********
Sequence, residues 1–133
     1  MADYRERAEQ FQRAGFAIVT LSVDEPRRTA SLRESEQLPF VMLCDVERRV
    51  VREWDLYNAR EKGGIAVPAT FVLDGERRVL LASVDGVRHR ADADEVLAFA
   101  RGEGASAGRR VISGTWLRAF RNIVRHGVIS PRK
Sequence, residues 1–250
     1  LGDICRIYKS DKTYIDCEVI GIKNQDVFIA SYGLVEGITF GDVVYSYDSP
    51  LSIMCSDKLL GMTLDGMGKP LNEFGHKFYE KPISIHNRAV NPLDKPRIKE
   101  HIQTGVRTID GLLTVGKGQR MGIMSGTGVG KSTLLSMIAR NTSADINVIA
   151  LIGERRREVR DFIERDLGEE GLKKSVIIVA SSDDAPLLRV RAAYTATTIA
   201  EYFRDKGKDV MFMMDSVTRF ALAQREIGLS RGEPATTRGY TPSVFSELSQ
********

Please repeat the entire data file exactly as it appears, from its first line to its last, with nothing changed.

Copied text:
Sequence, residues 1–133
     1  MADYRERAEQ FQRAGFAIVT LSVDEPRRTA SLRESEQLPF VMLCDVERRV
    51  VREWDLYNAR EKGGIAVPAT FVLDGERRVL LASVDGVRHR ADADEVLAFA
   101  RGEGASAGRR VISGTWLRAF RNIVRHGVIS PRK
Sequence, residues 1–250
     1  LGDICRIYKS DKTYIDCEVI GIKNQDVFIA SYGLVEGITF GDVVYSYDSP
    51  LSIMCSDKLL GMTLDGMGKP LNEFGHKFYE KPISIHNRAV NPLDKPRIKE
   101  HIQTGVRTID GLLTVGKGQR MGIMSGTGVG KSTLLSMIAR NTSADINVIA
   151  LIGERRREVR DFIERDLGEE GLKKSVIIVA SSDDAPLLRV RAAYTATTIA
   201  EYFRDKGKDV MFMMDSVTRF ALAQREIGLS RGEPATTRGY TPSVFSELSQ